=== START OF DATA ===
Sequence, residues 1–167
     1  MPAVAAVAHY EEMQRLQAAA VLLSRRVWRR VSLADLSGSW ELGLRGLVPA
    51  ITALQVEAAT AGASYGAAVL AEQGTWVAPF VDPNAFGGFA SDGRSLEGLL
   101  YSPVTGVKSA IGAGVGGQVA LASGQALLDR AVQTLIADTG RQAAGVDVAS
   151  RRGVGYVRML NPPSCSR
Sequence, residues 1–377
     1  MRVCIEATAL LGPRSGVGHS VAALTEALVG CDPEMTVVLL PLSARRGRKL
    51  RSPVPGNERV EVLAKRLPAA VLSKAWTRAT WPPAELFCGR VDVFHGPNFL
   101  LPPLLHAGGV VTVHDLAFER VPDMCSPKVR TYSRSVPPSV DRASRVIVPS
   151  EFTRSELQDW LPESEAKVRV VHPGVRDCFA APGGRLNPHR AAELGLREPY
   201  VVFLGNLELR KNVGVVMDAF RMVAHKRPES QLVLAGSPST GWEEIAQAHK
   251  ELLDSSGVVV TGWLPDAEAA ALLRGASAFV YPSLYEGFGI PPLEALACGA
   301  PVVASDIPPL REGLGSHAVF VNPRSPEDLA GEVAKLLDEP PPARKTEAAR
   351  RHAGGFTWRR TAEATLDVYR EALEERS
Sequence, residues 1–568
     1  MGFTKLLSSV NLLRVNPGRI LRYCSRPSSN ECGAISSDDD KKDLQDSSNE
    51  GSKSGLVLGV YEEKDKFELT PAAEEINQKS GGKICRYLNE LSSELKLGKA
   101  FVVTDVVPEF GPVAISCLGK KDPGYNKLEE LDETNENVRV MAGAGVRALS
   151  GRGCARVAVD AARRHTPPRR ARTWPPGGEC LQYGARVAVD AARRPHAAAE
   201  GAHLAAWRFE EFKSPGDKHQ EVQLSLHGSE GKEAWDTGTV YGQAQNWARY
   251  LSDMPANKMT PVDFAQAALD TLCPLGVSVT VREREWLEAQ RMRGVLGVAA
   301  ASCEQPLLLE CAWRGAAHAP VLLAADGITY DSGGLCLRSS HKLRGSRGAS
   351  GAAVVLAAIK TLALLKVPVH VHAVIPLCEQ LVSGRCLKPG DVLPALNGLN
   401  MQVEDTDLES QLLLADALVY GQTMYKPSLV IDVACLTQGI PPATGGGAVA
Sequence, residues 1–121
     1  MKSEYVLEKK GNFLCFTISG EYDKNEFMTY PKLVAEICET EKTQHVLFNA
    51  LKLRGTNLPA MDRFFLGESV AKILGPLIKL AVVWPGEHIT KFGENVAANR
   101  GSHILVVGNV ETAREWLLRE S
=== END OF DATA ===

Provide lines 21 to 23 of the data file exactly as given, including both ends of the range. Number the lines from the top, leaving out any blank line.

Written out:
   251  LSDMPANKMT PVDFAQAALD TLCPLGVSVT VREREWLEAQ RMRGVLGVAA
   301  ASCEQPLLLE CAWRGAAHAP VLLAADGITY DSGGLCLRSS HKLRGSRGAS
   351  GAAVVLAAIK TLALLKVPVH VHAVIPLCEQ LVSGRCLKPG DVLPALNGLN